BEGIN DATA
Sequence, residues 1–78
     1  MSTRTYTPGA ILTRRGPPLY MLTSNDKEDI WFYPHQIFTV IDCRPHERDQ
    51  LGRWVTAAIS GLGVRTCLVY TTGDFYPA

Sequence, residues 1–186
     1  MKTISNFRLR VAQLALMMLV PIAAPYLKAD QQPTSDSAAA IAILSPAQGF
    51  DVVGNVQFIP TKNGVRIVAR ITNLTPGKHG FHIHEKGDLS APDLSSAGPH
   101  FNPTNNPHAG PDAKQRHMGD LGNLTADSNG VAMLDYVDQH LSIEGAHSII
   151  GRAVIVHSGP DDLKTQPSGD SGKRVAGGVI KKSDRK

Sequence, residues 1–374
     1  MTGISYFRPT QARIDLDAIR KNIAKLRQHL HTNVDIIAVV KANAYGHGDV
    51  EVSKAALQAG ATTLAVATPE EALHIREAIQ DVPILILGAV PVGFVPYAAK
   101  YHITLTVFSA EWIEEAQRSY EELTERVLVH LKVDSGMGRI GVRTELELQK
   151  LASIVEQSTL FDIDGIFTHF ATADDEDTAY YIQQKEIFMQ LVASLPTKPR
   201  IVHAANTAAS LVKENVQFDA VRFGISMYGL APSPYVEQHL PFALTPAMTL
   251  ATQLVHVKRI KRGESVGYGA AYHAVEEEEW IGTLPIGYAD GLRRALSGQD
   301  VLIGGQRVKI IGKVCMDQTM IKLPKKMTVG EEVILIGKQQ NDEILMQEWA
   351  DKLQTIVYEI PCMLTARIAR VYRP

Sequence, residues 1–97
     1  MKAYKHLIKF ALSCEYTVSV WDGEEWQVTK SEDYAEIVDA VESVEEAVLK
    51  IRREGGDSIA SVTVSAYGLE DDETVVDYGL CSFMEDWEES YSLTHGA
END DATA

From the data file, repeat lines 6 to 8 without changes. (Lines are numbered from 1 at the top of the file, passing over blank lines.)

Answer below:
    51  DVVGNVQFIP TKNGVRIVAR ITNLTPGKHG FHIHEKGDLS APDLSSAGPH
   101  FNPTNNPHAG PDAKQRHMGD LGNLTADSNG VAMLDYVDQH LSIEGAHSII
   151  GRAVIVHSGP DDLKTQPSGD SGKRVAGGVI KKSDRK